“We are all now connected by the Internet, like neurons in a giant brain.”

–Stephen Hawking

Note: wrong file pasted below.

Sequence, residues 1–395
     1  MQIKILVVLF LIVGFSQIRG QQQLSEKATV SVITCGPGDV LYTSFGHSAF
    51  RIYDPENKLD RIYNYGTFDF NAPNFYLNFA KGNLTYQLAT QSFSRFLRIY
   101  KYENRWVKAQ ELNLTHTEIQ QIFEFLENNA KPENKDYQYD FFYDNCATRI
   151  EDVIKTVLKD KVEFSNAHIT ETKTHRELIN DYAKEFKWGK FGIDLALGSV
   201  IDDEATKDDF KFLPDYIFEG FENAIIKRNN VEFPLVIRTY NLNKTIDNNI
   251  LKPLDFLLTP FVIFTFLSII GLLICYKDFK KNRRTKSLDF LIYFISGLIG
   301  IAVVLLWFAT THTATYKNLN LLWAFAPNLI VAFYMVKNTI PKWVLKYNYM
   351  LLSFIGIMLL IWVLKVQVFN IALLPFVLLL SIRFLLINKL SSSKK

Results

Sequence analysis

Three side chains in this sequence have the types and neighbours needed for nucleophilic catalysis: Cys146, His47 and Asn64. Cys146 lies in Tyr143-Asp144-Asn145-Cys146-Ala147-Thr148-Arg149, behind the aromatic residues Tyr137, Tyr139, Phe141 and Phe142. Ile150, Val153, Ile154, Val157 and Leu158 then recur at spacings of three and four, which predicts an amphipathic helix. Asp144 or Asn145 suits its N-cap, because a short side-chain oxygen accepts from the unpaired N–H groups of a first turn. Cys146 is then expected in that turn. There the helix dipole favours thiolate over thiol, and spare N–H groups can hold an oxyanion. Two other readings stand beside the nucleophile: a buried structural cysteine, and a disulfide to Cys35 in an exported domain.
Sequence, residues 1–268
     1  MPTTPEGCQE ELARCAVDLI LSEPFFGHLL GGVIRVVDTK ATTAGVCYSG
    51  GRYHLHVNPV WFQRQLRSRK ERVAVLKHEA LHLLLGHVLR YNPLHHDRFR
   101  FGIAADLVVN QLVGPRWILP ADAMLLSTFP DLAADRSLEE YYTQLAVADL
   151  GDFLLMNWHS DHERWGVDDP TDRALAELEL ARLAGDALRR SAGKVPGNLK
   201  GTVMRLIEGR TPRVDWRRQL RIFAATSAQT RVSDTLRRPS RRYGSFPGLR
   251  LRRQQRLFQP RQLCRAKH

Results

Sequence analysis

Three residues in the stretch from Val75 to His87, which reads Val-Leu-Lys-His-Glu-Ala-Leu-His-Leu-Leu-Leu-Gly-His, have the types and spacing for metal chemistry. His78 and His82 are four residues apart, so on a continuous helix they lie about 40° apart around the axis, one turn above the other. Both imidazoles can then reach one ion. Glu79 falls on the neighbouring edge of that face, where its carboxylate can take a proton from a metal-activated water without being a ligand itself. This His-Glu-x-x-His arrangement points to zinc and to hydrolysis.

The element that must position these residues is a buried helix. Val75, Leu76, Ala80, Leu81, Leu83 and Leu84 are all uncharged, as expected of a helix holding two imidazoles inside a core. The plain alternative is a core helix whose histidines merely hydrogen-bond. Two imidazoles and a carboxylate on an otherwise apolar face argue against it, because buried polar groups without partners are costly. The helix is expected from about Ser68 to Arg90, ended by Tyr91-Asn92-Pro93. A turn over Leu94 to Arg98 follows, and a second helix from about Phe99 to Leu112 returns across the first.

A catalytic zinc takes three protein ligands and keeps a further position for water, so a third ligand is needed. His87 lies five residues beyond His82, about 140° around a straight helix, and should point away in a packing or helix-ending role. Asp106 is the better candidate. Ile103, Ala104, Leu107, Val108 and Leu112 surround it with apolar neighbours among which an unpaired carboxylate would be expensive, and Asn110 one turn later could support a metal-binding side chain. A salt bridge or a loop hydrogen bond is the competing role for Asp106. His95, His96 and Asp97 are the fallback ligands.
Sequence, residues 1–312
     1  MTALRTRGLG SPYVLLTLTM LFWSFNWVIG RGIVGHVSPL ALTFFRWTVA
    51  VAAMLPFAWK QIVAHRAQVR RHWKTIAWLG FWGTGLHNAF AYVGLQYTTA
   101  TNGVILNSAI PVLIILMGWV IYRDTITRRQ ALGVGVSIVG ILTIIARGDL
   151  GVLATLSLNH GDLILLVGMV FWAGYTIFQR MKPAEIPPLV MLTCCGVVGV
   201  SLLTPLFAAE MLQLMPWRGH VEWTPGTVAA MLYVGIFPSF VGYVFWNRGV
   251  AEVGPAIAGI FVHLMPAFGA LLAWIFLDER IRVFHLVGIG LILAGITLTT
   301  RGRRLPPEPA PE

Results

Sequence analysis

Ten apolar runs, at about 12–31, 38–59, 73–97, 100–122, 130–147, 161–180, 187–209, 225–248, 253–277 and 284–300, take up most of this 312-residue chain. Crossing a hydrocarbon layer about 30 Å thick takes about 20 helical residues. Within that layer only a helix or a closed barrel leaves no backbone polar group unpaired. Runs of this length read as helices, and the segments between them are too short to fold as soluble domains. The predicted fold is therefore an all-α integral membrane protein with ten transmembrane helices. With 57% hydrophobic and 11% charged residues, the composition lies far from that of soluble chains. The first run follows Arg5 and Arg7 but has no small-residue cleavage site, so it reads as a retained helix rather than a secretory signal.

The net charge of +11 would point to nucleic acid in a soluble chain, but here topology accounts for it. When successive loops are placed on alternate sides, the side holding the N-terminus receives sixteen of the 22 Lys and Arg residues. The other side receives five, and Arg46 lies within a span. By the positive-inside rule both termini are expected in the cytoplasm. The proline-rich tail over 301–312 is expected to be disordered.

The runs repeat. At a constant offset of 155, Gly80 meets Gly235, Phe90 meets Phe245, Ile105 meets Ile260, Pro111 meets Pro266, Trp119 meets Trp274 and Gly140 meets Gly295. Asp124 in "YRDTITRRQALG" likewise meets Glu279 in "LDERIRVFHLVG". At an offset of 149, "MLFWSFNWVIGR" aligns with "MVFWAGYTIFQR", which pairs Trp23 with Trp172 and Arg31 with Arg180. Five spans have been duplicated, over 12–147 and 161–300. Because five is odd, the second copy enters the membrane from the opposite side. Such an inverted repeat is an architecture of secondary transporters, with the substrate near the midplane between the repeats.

While the age of internet has given us access to incalculable amounts of information, this interconnectivity has also caused damage to the world in various ways. Hacking has led to the invasion of privacy, blackmail using the internet and massive internet frauds which have lost a lot of people a lot of money. But through hackers, we have also been granted access to classified information stored by many governments looking to hide the truth from their voters. The public is often kept in the dark, but a new breed of hackers, playfully termed, ‘hacktivists’, looking to use hacking for positive outcomes has changed the whole sphere of the debate. The prime example of this is WikiLeaks, which reportedly uses millions of anonymous ‘sources’ (hackers or government moles) to release classified information. While the public as a whole unquestionably benefits, the use of hacking as a means to do this has often brought up the old debate of whether the end justifies the means.